Former LDS Seminary building gets new life as free health clinic for Granite School District employees

May 31, 2018, 10:09 PM

WEST VALLEY CITY, Utah – From the outside, it looks like every other LDS Seminary building spread out across Utah, just steps away from junior high and high schools. If the tell-tale beige brick and architecture don’t give it away, the words ‘The Church of Jesus Christ of Latter-day Saints SEMINARY” etched in stone by the front door are a dead giveaway for what this building is. Or are they?

Inside, you’ll find the purple and blue hues, wood trim and fabric walls that millions of LDS youth know all too well. But these classrooms where instructors once taught church doctrine and history will soon be used for a vastly different purpose. A free health care clinic for employees of the Granite School District and their families.

“We will have a doctor and two nurse practitioners. A full-time wellness coordinator, medical assistants and we will have a licensed social worker on staff,” Donnette McNeill-Waters, Human Relations Director for the district, explained as she walked through the building.

Pointing out where exam rooms will go and where the pharmacy and lab will be located, McNeill-Waters could hardly contain her excitement.

“We’ve been working on this project for five years,” she said.

Granite School District purchased the out-of-use Seminary building from the LDS Church and construction on the medical clinic next door to Valley Junior High in West Valley City is set to begin this summer. The district hopes to start scheduling the first patient appointments by spring 2019.

“Insurance is increasing every year and that’s a problem for everyone,” McNeill-Waters said. “We are seeing some really big increases. Not just in Granite District but statewide and nationally. Granite needs to find a way to stabilize those increases.”

“We know that it will be a great benefit for our employees and their dependents, and we also know that it will help us retain and attract teachers.”

Unlike other school districts around the state, Granite, the third largest district in the state, is ‘self-funded’. That means the district collects the health insurance premiums from their employees and pay all of their own claims. It’s a system that already keeps district employee’s premiums low but the addition of the health care clinic will help save even more money.

“We can treat someone at our clinic for a third of the cost at another urgent care facility,” McNeill-Waters said, “This is a benefit to our employees as well as our taxpayers who fund public education.”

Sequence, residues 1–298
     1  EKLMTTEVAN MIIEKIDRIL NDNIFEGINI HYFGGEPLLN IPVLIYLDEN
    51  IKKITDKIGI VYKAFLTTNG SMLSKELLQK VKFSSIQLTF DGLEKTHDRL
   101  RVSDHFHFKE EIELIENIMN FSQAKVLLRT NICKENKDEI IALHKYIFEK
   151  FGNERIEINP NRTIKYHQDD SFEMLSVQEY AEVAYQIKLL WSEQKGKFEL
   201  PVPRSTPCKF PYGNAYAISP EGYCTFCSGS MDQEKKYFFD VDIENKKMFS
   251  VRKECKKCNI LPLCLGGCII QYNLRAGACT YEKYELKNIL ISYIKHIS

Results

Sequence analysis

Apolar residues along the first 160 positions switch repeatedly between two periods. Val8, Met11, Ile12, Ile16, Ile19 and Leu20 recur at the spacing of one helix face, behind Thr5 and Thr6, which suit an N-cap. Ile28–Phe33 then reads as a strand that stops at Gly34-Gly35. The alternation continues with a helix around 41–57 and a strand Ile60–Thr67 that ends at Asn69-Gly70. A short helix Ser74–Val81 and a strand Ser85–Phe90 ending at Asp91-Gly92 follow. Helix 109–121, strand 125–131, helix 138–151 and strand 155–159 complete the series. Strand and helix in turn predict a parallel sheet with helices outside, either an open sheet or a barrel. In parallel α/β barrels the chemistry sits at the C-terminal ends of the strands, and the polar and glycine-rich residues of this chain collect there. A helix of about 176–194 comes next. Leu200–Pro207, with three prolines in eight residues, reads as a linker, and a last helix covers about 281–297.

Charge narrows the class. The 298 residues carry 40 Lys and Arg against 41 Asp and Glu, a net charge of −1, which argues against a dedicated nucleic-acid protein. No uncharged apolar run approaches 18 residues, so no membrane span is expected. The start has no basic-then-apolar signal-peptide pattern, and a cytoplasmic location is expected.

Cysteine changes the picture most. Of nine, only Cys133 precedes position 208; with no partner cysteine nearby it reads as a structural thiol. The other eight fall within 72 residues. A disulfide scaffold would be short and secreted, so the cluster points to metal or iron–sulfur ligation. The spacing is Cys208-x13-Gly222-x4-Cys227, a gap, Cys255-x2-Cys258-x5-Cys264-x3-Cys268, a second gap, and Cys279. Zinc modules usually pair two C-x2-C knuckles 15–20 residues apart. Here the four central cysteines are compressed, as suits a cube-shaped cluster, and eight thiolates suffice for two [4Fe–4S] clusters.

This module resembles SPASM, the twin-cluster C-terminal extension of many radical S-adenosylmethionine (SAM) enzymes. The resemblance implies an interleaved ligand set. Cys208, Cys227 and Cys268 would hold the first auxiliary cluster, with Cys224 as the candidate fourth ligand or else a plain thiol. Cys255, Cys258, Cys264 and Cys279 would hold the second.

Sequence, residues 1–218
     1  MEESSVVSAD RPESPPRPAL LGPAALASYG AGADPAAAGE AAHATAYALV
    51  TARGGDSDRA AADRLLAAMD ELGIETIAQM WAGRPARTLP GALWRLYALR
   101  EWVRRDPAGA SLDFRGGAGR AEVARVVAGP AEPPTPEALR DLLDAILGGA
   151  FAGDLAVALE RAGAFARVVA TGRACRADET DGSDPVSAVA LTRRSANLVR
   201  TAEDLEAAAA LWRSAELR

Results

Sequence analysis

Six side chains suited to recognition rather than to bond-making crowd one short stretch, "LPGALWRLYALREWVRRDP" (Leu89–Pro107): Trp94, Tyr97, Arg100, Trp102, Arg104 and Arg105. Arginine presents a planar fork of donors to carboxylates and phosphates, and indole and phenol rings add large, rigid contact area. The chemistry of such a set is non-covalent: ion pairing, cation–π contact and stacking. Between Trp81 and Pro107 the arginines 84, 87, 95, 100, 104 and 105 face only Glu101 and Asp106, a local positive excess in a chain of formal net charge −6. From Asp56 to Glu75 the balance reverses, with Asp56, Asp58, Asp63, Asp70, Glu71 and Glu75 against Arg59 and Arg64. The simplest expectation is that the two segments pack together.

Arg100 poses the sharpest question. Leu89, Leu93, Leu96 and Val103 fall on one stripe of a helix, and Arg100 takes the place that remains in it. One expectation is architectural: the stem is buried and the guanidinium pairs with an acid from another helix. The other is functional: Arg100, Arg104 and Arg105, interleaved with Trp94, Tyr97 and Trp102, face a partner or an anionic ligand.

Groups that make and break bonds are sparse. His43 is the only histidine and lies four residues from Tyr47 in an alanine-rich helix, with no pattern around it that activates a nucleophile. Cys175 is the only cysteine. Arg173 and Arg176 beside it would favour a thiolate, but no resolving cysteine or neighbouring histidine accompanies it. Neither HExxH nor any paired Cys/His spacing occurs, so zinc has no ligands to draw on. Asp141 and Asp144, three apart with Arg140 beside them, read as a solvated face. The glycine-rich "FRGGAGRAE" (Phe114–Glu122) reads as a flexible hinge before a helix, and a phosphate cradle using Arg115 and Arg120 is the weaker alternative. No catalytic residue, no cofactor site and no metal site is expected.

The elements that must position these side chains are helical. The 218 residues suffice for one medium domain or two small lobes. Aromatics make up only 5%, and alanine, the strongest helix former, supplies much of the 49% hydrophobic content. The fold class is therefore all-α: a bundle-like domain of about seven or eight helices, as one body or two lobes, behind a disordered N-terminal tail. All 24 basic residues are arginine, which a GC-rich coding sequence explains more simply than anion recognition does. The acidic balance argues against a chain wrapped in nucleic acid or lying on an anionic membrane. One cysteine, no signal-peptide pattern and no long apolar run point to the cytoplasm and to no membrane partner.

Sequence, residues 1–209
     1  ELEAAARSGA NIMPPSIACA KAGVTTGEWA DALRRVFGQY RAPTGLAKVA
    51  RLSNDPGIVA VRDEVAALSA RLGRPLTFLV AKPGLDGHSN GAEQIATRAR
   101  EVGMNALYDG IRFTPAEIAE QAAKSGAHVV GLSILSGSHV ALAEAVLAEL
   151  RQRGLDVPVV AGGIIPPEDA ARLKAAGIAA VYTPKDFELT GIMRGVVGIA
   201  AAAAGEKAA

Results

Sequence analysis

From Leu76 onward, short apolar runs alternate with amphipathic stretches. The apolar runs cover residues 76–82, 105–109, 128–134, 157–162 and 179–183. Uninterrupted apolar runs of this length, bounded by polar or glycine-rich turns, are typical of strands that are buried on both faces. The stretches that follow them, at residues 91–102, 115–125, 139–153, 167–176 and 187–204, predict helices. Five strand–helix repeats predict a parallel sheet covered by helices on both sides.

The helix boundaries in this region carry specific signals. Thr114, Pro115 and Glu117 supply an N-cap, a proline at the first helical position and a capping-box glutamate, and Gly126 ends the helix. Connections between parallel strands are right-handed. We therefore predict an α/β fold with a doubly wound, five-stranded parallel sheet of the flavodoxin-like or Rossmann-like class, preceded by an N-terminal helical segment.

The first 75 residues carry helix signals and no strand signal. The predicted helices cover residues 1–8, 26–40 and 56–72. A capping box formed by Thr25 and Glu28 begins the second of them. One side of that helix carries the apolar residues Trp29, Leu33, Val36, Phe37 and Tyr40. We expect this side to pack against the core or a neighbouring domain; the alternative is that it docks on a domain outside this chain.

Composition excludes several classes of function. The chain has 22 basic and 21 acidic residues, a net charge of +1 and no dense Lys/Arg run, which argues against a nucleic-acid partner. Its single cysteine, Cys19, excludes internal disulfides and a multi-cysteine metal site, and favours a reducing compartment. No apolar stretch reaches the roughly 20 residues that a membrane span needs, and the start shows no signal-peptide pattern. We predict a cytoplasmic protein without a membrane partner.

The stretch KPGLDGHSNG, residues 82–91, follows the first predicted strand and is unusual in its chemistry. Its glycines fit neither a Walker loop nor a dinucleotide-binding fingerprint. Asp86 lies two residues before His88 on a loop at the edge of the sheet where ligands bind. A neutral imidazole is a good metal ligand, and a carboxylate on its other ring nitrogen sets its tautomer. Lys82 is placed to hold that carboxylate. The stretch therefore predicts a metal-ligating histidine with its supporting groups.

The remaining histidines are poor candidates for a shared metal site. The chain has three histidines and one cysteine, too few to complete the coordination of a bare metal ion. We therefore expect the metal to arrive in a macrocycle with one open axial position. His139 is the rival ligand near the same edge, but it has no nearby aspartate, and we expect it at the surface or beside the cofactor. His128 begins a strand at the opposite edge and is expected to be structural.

Employees who sign up for one of the district’s health insurance plans, their families and qualifying dependents will have access to primary and urgent care at the new clinic as well as health and wellness coaching, a medical lab and pharmacy.

“It’ll be absolutely free to employees,” said McNeill-Waters. “They won’t pay co-pays. They won’t pay for prescriptions.”

With an in-house pharmacy, the clinic can provide dozens of employees’ most used prescription drugs at no charge. Lab work ordered by specialists or other physicians can be done at the clinic for free as well. And the district says the primary care at the clinic will be different than what can be found elsewhere.

“It’s all about the wellness and staying healthy,” McNeill-Waters explained. “The appointments won’t be five to seven minutes long, they’ll be 20 to 30 minutes long because we’re treating the whole person. We’re not just treating a condition.”

The role of the clinic’s wellness coordinator will be to provide follow-up care to patients, checking-in after specialist visits and making sure patients’ healthcare needs are being met. McNeill-Waters calls it ‘wraparound services’.

Enhanced technology services will allow employees to make appointments online and see a doctor remotely through e-visits.
Early and late office hours, 7 am to 7 pm, and potential weekend hours will make it easier for those who spend their days transporting and teaching Utah students to see a doctor without taking time off work.

“It’s going to be a huge, huge increase in the amount of health care they’re getting right now, said McNeill-Waters.

Granite is the first district in the state of Utah to provide an on-site, free medical clinic for employees. It’s an idea that’s taking off in the midwest with districts in Wisconsin, Iowa, Indiana, Missouri and other states offering similar free, on-campus clinics.

“We know that it will be a great benefit for our employees and their dependents,” said McNeill-Waters, “and we also know that it will help us retain and attract teachers.”

Attracting teachers is a constant battle between Utah school districts. Amid a teacher shortage, districts across the state have increased pay, added benefits and more over the last few years to recruit teachers to their schools.

“We already have lower premiums in terms of our insurance with our two carriers than anybody else in the valley and we feel good about that,. That’s part of the reason we are a destinationd district.” said McNeill-Waters. “This will just add to that. It’s another enhanced benefit to them and lets them know we care about them. And that’s good for recruiting and retention.”

You can learn more about the tactics Granite and other districts are using to attract teachers from Utah and other states in Deannie Wimmer’s report: Teacher Tug-of-war Round Two.

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Former LDS Seminary building gets new life as free health clinic for Granite School District employees